Michael A. Johnson
Jeffrey A. Modisett
Carol A. Nemeth
William H. Ransom
ATTORNEYS FOR APPELLEE
Attorney General of Indiana
Deputy Attorney General
Michael A. Johnson
Jeffrey A. Modisett
Carol A. Nemeth
Epifanio Alvarado was found guilty of murder and sentenced to sixty years in prison. On this direct appeal, Alvarado makes the following claims: (1) insufficiency of the evidence; (2) ineffective assistance of counsel; (3) violation of his Indiana and federal constitutional right to confront witnesses; (4) inadmissibility of incriminating remarks because of an ineffective waiver of Miranda rights; and (5) a manifestly unjust sentence. We hold against Alvarado on his first four claims. Because there were two conflicting versions of the sentencing statute for murder in force at the time of the killing, we remand for new sentencing pursuant to Smith v. State, 675 N.E.2d 693 (Ind. 1996).
Rodriguez had "disrespected" him by making fun of him for not wearing socks. Alvarado
admitted to the officer that he left the bar earlier in the evening, went home to get a gun,
returned to the bar, and shot Rodriguez. However, at trial Alvarado contended, contrary to
the eyewitness accounts, that when he returned to the bar, he was accosted by Rodriguez and
three others. He claimed that he shot Rodriguez in self-defense. In addition to the two
eyewitnesses and the incriminating remarks made to the police, the only fingerprints on the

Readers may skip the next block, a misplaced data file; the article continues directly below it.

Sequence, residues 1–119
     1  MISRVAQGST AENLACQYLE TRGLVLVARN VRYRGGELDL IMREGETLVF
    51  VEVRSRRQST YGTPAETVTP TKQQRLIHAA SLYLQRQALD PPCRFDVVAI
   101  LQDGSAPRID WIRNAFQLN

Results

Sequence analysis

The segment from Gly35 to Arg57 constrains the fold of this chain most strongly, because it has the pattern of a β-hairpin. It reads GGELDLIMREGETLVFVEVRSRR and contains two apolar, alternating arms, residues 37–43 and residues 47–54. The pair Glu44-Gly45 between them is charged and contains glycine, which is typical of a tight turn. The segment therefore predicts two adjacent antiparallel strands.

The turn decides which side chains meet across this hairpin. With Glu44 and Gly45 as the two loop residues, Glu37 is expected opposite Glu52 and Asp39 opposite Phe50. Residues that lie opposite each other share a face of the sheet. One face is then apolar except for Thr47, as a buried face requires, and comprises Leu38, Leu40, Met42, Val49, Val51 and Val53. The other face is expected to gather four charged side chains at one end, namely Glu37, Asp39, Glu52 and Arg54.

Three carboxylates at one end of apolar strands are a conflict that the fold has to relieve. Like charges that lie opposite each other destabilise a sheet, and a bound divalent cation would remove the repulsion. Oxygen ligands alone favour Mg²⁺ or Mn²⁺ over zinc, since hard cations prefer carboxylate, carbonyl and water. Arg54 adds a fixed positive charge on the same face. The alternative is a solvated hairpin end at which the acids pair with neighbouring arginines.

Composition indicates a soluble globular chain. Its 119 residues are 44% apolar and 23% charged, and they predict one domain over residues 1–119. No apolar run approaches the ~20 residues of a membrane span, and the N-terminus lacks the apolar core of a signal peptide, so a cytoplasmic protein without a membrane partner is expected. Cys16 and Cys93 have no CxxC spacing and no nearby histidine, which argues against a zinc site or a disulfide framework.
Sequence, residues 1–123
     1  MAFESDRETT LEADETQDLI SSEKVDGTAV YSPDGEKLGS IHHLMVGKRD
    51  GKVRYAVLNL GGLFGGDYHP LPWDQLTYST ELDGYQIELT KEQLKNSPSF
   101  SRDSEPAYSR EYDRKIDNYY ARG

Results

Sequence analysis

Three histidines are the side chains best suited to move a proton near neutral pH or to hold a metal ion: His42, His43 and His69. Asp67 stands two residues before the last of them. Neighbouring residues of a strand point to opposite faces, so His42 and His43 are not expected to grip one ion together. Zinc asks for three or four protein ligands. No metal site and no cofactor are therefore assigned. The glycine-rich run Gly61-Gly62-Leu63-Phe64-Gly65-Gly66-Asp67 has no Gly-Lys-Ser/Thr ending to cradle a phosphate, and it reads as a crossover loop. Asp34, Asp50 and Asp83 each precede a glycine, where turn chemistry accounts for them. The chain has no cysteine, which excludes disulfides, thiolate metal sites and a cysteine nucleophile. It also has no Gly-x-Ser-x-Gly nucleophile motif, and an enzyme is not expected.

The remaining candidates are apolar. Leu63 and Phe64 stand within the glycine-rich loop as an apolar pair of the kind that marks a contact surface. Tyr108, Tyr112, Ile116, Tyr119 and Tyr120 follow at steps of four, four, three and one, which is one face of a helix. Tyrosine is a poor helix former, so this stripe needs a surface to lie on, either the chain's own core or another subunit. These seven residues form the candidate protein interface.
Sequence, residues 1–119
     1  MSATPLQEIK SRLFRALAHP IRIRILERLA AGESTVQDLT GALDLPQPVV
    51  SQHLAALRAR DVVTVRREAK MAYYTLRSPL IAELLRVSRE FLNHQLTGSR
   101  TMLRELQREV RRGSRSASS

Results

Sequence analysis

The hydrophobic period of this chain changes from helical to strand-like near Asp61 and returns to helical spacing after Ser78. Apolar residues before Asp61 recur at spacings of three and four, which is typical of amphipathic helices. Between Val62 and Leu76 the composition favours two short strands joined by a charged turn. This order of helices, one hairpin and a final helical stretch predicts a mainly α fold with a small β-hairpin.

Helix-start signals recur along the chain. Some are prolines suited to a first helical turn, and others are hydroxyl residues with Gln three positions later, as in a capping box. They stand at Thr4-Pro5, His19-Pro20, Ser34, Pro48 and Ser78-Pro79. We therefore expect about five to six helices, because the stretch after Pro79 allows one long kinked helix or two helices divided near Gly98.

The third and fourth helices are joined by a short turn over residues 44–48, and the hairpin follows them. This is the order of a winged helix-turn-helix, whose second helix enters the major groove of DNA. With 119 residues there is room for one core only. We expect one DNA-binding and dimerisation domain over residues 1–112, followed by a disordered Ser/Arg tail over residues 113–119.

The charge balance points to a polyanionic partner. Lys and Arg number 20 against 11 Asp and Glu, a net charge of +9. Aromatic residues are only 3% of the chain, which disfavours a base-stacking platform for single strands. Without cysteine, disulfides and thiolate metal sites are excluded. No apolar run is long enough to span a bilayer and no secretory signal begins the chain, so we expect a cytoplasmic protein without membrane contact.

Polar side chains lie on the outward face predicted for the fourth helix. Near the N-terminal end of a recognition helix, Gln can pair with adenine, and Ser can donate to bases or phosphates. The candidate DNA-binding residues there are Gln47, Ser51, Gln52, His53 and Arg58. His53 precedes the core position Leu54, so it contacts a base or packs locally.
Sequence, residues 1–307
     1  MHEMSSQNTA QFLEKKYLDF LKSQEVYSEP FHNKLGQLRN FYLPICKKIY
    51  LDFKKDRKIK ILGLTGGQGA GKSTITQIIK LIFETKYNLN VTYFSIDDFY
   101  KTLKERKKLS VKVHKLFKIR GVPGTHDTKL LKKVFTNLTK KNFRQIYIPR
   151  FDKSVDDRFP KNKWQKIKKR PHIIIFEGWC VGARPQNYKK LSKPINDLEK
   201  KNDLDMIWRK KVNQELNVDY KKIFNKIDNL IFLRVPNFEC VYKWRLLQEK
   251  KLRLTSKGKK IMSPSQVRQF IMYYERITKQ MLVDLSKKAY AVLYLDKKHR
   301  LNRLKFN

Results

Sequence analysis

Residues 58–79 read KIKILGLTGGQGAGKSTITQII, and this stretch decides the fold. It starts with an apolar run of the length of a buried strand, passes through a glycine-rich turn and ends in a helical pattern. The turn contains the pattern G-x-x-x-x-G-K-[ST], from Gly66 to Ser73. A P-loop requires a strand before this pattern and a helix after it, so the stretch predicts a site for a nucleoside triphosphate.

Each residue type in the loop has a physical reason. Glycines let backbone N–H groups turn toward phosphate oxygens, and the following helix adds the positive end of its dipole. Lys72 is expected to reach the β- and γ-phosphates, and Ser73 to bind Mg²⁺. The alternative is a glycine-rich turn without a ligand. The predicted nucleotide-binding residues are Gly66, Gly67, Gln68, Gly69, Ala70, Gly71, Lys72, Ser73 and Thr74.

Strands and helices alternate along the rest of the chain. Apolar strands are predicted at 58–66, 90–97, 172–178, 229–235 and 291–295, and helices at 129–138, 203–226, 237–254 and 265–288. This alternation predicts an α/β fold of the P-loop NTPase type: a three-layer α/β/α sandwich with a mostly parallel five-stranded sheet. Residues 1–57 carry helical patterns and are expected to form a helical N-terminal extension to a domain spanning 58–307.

gun were Alvarado's. DNA analysis showed that blood taken from the scene was consistent
with the victim's blood but not with Alvarado's. The jury convicted Alvarado of murder and
the court sentenced him to sixty years in prison. This appeal followed.
sufficiency claim consists of an attack on the credibility of witnesses whom presumably the
jury chose to believe. That is not enough. As to Alvarado's assertion that more witnesses
should have been called to testify, this does not address whether the evidence actually
presented to the jury was sufficient to convict. Rather it is more appropriately directed to
the ineffective assistance of counsel claim that we address below.
saw a man approach the victim, saw the victim "spin" around, witnessed a struggle, and
heard gunshots. From the content of Mendoza's statement, there is no basis for concluding
that counsel's decision not to call him as a witness evidenced a lapse in professional
Second, Alvarado raises counsel's failure to object to or move to strike a police officer's testimony that a search of Alvarado uncovered a "rock like substance" inside a sealed bag -- in addition to ammunition. Alvarado makes this claim even though, on cross examination, the officer clarified that since the search, he had learned that the "substance" was in fact an actual rock. In the light of this clarification Alvarado has made no colorable claim of prejudice for this testimony.